"Richard Urban" <richardurbanREMOVETHIS@hotmail.com> wrote in message
    news:eyAAr9PfFHA.2444@tk2msftngp13.phx.gbl...
    > thiswasmyquestion.jpg = thiswa~1~.jpg
    >
    > The first 6 characters + tilde (~) plus 1 (if there is more that one file
    > with the same first 6 characters - then 2 etc) plus the file extension
    >
    > --
    > Regards,
    >
    > Richard Urban
    >
    > If you knew as much as you thought you know,
    > You would realize that you don't know what you thought you knew!
    >
    >
    > "mevian" <mevian@discussions.microsoft.com> wrote in message
    > news:7F3C36A7-646E-407D-AD82-2521F88FD84D@microsoft.com...
    >> How do I find the DOS file name of one of my files? In Win98, I could
    >> find
    >> this in the file properties box.
    >
    >
  8. Archived from groups: microsoft.public.windowsxp.general (More info?)

    "mevian" <mevian@discussions.microsoft.com> wrote in message
    news:7F3C36A7-646E-407D-AD82-2521F88FD84D@microsoft.com...
    > How do I find the DOS file name of one of my files? In Win98, I could
    > find
    > this in the file properties box.

    How about openining a DOS window? Navigate to the directory with the file in
    it, and get a directory listing. /p will show a page of files at a time.
  9. Archived from groups: microsoft.public.windowsxp.general (More info?)

    dir /x

    --
    George Hester
    _______________________________
    "mevian" <mevian@discussions.microsoft.com> wrote in message
    news:7F3C36A7-646E-407D-AD82-2521F88FD84D@microsoft.com...
    > How do I find the DOS file name of one of my files? In Win98, I could
    find
    > this in the file properties box.
  10. Archived from groups: microsoft.public.windowsxp.general (More info?)

    Nice. Thanks David.

    --
    George Hester
    _______________________________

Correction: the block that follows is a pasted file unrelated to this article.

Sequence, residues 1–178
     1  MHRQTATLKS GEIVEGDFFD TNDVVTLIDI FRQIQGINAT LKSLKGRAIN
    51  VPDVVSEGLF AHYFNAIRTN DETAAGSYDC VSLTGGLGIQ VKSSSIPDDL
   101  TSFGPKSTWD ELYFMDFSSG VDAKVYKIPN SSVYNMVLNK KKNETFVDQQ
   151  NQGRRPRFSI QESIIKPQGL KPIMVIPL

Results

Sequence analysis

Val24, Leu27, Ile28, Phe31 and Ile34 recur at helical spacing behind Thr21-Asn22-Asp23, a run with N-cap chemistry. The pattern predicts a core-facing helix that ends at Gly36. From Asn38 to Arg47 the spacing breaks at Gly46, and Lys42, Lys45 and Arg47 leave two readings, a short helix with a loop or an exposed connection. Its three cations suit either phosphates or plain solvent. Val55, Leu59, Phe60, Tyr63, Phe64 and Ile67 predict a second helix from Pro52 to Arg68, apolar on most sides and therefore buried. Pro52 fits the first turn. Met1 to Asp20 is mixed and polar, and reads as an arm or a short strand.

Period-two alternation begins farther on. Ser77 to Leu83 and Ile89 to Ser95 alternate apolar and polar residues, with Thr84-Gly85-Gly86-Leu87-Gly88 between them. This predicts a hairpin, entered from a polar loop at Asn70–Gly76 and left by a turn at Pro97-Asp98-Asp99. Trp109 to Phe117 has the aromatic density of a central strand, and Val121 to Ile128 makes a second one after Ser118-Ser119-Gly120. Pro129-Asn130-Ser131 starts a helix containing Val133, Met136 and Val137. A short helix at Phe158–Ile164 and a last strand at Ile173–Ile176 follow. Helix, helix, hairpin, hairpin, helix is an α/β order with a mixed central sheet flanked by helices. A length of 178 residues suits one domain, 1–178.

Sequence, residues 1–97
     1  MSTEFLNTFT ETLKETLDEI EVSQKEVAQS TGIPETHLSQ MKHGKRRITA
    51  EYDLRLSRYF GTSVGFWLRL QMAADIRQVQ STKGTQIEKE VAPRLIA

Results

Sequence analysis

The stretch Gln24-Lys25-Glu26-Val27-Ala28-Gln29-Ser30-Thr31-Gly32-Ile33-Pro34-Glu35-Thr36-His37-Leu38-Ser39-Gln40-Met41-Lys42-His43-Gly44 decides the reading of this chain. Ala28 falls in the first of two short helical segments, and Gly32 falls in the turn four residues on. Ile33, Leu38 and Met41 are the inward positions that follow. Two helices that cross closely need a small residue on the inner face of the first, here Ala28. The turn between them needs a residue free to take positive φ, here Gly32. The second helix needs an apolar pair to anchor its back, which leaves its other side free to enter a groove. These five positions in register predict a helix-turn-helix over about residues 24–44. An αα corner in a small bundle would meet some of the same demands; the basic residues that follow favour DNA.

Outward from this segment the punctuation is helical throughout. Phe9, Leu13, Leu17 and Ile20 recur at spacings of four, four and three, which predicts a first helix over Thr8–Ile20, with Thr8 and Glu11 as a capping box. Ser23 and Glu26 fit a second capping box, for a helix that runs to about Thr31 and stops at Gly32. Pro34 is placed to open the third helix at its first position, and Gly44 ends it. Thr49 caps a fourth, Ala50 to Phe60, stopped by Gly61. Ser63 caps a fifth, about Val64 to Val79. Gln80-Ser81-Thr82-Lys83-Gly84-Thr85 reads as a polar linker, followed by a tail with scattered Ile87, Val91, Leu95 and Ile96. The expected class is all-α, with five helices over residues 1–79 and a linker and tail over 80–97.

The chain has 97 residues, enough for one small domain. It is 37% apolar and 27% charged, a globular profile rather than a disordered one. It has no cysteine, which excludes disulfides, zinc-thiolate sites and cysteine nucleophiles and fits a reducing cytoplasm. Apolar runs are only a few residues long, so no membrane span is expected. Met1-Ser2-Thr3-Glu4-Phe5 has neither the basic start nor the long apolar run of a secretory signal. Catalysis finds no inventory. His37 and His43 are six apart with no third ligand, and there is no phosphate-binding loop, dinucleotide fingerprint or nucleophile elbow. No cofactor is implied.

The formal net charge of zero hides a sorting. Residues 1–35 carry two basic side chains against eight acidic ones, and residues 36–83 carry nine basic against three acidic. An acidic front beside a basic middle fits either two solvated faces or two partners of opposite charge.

"David Candy" <.> wrote in message
    news:#c4a5zRfFHA.2384@TK2MSFTNGP15.phx.gbl...
    Place attached file into the sendto folder.


    On Error Resume Next
    Set Sh = WScript.CreateObject("WScript.Shell")
    Set fso = CreateObject("Scripting.FileSystemObject")
    Set Ag=Wscript.Arguments
    Set file = fso.GetFile(Ag(0))
    If Err.Number=53 then
    Err.Clear
    Set file = fso.GetFolder(Ag(0))
    End If
    A=InputBox(File.name & vbcrlf & "short file name is", "Show Short Filename",
    file.shortname)
    --
    ----------------------------------------------------------------------------
    ----------------------
    http://webdiary.smh.com.au/archives/_comment/001075.html
    =================================================
    "mevian" <mevian@discussions.microsoft.com> wrote in message
    news:7F3C36A7-646E-407D-AD82-2521F88FD84D@microsoft.com...
    > How do I find the DOS file name of one of my files? In Win98, I could
    find
    > this in the file properties box.
  11. Archived from groups: microsoft.public.windowsxp.general (More info?)

    I like that one even better. Sometimes I have to reduce the length of my
    environment variables and 8.3 file names helps with that.

    --
    George Hester
    _______________________________
    "David Candy" <.> wrote in message
    news:#DiTYYcfFHA.3588@TK2MSFTNGP10.phx.gbl...
    This is short path rather than name.

    On Error Resume Next
    Set Sh = WScript.CreateObject("WScript.Shell")
    Set fso = CreateObject("Scripting.FileSystemObject")
    Set Ag=Wscript.Arguments
    Set file = fso.GetFile(Ag(0))
    If Err.Number=53 then
    Err.Clear
    Set file = fso.GetFolder(Ag(0))
    End If
    A=InputBox(File.name & vbcrlf & "short file path and name is", "Show Short